City of Lakeland evaluates traffic safety after five swan deaths

LAKELAND, Fla. — Six swans have been hit by vehicles in a matter of only three weeks, only one survived. The majestic birds are a staple of the City of Lakeland. Now, neighbors are demanding action to save the swans.

“It’s just unique, they’re precious,” Cody Roberts said.

Roberts and his wife are new to the area, but can already often be found feeding the birds down by Lake Morton.

Like other neighbors around the area, the couple has already started collecting swan memorabilia and art to decorate their home.

“They are just beautiful and sweet,” Roberts said that the swans were a big part of why they chose to move to Lakeland.

According to Lake Morton historians, the regal swans come from across the pond. 

Not Lake Morton, but the Atlantic Ocean.

As the story goes, a Lakeland resident, originally from Europe, knew about Queen Elizabeth’s famous swans. 

So, she requested to purchase the birds and the Queen agreed.

The City of Lakeland were required to pay for the capture, crating and transfer of the birds and they were brought to Lakeland in 1957.

So when the swans started coming up road kill in the last few weeks, it ruffled many resident’s feathers.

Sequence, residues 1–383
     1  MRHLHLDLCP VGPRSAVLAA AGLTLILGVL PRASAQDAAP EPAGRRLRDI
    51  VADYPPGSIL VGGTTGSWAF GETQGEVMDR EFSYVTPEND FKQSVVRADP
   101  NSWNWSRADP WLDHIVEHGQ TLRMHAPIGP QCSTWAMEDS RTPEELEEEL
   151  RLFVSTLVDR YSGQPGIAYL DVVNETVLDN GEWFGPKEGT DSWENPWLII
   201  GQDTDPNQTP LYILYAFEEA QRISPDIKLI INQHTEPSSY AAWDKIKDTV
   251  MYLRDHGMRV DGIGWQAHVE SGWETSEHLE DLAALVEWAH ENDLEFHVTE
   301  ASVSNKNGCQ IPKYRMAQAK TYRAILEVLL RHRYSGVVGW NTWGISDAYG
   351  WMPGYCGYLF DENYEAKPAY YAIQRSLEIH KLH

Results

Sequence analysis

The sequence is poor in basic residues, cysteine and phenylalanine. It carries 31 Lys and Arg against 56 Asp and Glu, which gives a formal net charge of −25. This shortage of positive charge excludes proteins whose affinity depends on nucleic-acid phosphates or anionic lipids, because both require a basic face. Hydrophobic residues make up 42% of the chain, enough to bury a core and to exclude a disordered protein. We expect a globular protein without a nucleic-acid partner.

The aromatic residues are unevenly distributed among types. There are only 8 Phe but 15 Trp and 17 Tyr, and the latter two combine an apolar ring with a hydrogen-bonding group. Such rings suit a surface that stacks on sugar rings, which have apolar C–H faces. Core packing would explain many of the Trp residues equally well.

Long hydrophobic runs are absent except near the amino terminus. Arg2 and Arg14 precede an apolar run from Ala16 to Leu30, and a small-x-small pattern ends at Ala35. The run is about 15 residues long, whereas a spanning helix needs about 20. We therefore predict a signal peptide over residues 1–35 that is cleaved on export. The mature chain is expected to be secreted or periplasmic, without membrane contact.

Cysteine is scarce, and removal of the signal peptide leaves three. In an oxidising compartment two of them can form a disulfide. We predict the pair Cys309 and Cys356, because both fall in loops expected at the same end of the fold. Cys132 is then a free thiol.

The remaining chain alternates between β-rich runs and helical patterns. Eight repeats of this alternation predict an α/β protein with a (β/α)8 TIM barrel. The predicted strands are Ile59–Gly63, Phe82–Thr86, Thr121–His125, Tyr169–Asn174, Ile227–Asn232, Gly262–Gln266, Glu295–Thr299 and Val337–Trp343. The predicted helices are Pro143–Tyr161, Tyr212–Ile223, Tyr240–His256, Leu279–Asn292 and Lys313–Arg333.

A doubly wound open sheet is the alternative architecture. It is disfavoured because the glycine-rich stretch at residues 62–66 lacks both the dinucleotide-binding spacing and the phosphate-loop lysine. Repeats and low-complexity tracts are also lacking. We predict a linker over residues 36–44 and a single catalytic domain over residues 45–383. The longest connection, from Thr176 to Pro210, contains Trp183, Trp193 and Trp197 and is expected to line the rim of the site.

“It’s just sad,” Cody Roberts said. 

One of the six birds was lucky enough to survive a hit-and-run.

ABC Action News checked in on it, while it is recovering at Companion Animal Hospital in Lakeland.

“He’s just kind of scraped up a little bit,” Dr. Patricia Mattson, with Companion Animal Hospital said.

Mattson is tasked with taking care of the city’s swans along Lake Morton and Lake Mirror.

She said this specific swan suffered a bruised wing and loss of feathers from its run-in with a vehicle and will likely be released back to Lake Morton this week.

The other swans though suffered slow and terrible deaths. 

“They aren’t really afraid of anything including moving cars,” Brinkley Roberts said.

Residents think speed and distracted driving are to blame. That is why the city now has a speedometer positioned at the lake, to remind drivers to slow down. 

“We could put up signs and make people realize that even if they don’t see it on the news that what they are doing has consequences,” Roberts said.

The city will meet with Lake Morton residents on Thursday to address traffic concerns. 

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